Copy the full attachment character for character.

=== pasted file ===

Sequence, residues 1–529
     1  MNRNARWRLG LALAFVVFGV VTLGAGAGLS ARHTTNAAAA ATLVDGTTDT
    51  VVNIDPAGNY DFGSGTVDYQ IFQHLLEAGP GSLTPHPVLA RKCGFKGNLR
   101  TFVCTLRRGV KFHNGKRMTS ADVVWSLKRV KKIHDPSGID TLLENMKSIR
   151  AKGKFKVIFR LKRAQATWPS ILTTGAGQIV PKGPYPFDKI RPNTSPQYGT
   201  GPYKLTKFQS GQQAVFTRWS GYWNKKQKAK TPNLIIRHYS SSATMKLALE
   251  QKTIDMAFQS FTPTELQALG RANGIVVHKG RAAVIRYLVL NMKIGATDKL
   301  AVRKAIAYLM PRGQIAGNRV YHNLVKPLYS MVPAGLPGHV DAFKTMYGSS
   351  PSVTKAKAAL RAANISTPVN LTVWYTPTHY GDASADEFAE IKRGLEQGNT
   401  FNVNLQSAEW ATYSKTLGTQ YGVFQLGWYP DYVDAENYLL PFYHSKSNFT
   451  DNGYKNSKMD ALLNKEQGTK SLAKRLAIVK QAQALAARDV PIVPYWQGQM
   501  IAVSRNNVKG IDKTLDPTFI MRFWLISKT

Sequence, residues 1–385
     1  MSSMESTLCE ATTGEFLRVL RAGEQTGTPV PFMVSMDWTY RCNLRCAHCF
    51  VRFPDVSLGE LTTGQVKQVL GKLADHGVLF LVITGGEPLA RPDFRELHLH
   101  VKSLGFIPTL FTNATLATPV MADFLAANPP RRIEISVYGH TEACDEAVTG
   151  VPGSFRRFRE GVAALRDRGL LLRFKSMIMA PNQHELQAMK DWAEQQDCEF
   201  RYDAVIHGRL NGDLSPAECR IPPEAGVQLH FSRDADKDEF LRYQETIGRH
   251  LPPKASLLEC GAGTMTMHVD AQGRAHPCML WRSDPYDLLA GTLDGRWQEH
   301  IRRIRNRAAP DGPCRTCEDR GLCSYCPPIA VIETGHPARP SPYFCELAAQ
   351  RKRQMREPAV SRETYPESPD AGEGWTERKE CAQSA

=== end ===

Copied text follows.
Sequence, residues 1–529
     1  MNRNARWRLG LALAFVVFGV VTLGAGAGLS ARHTTNAAAA ATLVDGTTDT
    51  VVNIDPAGNY DFGSGTVDYQ IFQHLLEAGP GSLTPHPVLA RKCGFKGNLR
   101  TFVCTLRRGV KFHNGKRMTS ADVVWSLKRV KKIHDPSGID TLLENMKSIR
   151  AKGKFKVIFR LKRAQATWPS ILTTGAGQIV PKGPYPFDKI RPNTSPQYGT
   201  GPYKLTKFQS GQQAVFTRWS GYWNKKQKAK TPNLIIRHYS SSATMKLALE
   251  QKTIDMAFQS FTPTELQALG RANGIVVHKG RAAVIRYLVL NMKIGATDKL
   301  AVRKAIAYLM PRGQIAGNRV YHNLVKPLYS MVPAGLPGHV DAFKTMYGSS
   351  PSVTKAKAAL RAANISTPVN LTVWYTPTHY GDASADEFAE IKRGLEQGNT
   401  FNVNLQSAEW ATYSKTLGTQ YGVFQLGWYP DYVDAENYLL PFYHSKSNFT
   451  DNGYKNSKMD ALLNKEQGTK SLAKRLAIVK QAQALAARDV PIVPYWQGQM
   501  IAVSRNNVKG IDKTLDPTFI MRFWLISKT

Sequence, residues 1–385
     1  MSSMESTLCE ATTGEFLRVL RAGEQTGTPV PFMVSMDWTY RCNLRCAHCF
    51  VRFPDVSLGE LTTGQVKQVL GKLADHGVLF LVITGGEPLA RPDFRELHLH
   101  VKSLGFIPTL FTNATLATPV MADFLAANPP RRIEISVYGH TEACDEAVTG
   151  VPGSFRRFRE GVAALRDRGL LLRFKSMIMA PNQHELQAMK DWAEQQDCEF
   201  RYDAVIHGRL NGDLSPAECR IPPEAGVQLH FSRDADKDEF LRYQETIGRH
   251  LPPKASLLEC GAGTMTMHVD AQGRAHPCML WRSDPYDLLA GTLDGRWQEH
   301  IRRIRNRAAP DGPCRTCEDR GLCSYCPPIA VIETGHPARP SPYFCELAAQ
   351  RKRQMREPAV SRETYPESPD AGEGWTERKE CAQSA